ness manager, raising her salary to $137,000,” Manoogian wrote in his complaint. “I was told by the chairman at the Sept. 14 meeting that I would not be able to include my reasons unless the committee voted to allow me to do as per policy,” he wrote, referring to School Committee Chair Jeannie Meredith. Manoogian insists that the public has a right to know why he opposed the pay raise for Pola G. Andrews, the Executive Director of Finance and Administration and the specific reason he gave during the executive session: that the


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chusetts Institute of Technology, and Boston College, and others,” it continued. Contract negotiations were finalized earlier this week following an in-depth selection process. Suffolk was ranked as the first choice of the Building Committee Selection Subcommittee, which spent weeks reviewing project proposals, interviewing qualified applicants, and evalu-

ating the firms and their respective proposals. Suffolk’s expertise, ideas, and commitment led the Subcommittee’s selection, according to Crabtree. “We are extremely excited to welcome Suffolk Construction aboard our project team, and to continue moving forward on this project with the Massachusetts School Building Authority,” Crabtree said. “The selection of Suffolk Con-

struction as the project’s Construction Manager at Risk is a Guaranteed Maximum Price, and it allows for more flexibility if adjustments need to be made throughout the pre-construction and construction phases. The MSBA approved the project scope and budget during their Board Meeting on June 28. Soon after, the MSBA and


THE SAUGUS ADVOCATE – Friday, October 20, 2017

Page 14

TEAM | from page 1 themselves from each other. Rather, they touted the accomplishments they achieved together – “as a team” – including their decision to rehire Town Manager Robert C. Crabtree after their involvement in a successful March 2015 recall of the four selectmen who had fired Crabtree. In his closing statement, challenger Michael A. Coller made reference to the closeknit board when he mentioned being labeled “a political novice.”“I think it’s a shallow attempt to say that I may not be ready for this field, due to the fact that I might break up ‘The Fabulous Five,’” Coller said. Selectman Mark Mitchell seized the opportunity to use Coller’s comments to promote the current board. “The Fabulous Five? I actually take that as a compliment … I’m proud of what we’ve accomplished,” Mitchell said. “The bottom line is we’ve done a great job. We have a great team in place, a great town manager, great leadership. It would be a travesty to change that. The town has never been going in a better direction. We’ve seen great success. … I’m very proud to be a part of this team,” Mitchell said. During the forum, Board of Selectmen Chairman Debra Panetta and colleagues Jennifer D’Eon, Scott Brazis and Jeffrey Cicolini each echoed Mitchell’s campaign theme of board unity and a great working relationship with the town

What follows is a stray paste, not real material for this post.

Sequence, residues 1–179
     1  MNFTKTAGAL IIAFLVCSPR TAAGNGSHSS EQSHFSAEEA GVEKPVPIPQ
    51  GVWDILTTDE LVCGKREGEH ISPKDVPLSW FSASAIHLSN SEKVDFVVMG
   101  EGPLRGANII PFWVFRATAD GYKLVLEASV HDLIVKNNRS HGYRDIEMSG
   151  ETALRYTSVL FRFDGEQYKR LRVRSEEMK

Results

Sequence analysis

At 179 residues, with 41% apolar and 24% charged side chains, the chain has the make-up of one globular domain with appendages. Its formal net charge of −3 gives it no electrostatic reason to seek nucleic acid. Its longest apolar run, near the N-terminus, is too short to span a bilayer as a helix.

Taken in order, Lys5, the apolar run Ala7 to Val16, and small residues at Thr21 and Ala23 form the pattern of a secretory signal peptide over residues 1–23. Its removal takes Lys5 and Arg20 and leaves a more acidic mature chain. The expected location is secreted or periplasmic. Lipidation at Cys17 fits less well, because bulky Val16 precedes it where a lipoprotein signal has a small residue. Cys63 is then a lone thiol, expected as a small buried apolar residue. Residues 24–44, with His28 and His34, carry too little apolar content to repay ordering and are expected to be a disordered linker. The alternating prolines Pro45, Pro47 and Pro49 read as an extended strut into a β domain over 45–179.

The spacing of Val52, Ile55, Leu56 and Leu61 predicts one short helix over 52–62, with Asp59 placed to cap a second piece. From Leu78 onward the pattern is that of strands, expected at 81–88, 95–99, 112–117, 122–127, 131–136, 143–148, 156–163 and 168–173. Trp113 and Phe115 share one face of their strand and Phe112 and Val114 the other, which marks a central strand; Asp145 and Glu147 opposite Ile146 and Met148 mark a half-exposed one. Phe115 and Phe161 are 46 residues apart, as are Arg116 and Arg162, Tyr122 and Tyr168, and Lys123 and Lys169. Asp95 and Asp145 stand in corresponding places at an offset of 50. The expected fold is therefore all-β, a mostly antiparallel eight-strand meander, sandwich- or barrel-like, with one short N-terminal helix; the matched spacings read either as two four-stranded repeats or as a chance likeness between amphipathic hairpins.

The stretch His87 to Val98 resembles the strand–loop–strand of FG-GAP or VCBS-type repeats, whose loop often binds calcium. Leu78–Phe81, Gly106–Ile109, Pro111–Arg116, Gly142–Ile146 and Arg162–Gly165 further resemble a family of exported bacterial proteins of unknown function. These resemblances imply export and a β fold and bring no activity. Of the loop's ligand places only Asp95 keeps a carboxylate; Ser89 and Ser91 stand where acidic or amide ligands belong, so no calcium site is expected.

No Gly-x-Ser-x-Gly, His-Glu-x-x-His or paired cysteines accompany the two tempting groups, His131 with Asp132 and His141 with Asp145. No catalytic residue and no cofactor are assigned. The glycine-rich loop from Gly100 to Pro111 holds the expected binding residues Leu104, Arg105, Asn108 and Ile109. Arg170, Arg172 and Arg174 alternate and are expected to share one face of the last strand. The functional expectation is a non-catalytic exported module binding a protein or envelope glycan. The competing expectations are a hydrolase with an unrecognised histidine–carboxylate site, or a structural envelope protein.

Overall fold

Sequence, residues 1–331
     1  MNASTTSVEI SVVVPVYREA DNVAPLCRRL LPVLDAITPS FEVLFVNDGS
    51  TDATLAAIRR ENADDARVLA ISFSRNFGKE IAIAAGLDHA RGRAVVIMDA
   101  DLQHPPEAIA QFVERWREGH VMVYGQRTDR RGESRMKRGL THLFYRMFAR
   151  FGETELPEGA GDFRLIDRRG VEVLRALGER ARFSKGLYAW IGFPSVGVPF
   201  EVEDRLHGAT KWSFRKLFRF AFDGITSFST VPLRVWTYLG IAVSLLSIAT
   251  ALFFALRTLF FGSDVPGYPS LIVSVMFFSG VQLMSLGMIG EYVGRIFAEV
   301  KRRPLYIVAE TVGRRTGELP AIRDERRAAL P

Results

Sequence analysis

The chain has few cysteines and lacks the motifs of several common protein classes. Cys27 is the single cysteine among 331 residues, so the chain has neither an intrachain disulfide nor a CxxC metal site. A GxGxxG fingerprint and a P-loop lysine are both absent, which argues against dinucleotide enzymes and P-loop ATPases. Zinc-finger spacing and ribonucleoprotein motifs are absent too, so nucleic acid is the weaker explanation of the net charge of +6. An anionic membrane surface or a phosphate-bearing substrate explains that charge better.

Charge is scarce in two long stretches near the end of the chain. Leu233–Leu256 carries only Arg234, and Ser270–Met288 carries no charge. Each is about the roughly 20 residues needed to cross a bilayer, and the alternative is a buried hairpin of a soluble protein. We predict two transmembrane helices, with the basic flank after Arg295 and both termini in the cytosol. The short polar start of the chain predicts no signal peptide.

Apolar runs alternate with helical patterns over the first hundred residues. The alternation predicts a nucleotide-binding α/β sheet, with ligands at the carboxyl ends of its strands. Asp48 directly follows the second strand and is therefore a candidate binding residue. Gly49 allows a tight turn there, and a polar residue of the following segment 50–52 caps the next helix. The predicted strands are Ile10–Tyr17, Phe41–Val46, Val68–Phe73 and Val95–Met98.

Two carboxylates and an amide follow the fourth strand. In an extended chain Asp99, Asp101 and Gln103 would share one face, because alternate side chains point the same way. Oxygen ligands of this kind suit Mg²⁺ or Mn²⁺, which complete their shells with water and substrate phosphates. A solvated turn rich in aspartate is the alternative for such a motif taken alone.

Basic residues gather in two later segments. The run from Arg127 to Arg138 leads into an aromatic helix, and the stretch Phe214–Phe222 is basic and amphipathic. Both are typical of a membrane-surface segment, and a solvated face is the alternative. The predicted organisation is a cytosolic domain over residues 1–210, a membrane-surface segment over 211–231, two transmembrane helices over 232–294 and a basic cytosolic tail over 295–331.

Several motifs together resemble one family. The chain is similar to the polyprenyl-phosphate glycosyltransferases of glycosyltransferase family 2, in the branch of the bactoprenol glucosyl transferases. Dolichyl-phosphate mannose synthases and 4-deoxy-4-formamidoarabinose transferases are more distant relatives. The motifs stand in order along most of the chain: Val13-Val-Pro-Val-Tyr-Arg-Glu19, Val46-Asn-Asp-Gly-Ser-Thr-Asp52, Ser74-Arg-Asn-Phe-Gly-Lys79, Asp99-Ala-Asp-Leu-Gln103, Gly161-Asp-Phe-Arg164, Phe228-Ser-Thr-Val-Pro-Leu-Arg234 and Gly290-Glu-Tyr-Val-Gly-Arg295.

under the Crabtree administration. “As the former Chairman of the Board of Selectmen, I am proud to be part of a team that has moved Saugus forward,” Serino said. “My involvement includes: 1) Making the critical decision to hire our present Town Manager … When working together as a team, Saugus will always have a bright future,” he said. Cicolini declared, “Saugus pride is back.” He echoed Mitchell’s comments, saying he felt flattered by being reShown, from left to right, are Master of Ceremonies Mike Procopio, Timekepper Denise Selden, ferred to as “The Fabulous Five.” Selectmen Michael Serino, Jennifer D’Eon, Jeffrey Cicolini, Mark Mitchell, Corinne Riley, Scott Brazis, Debra Panetta, Michael Coller, and Advocate Publisher and Moderator James Mitchells.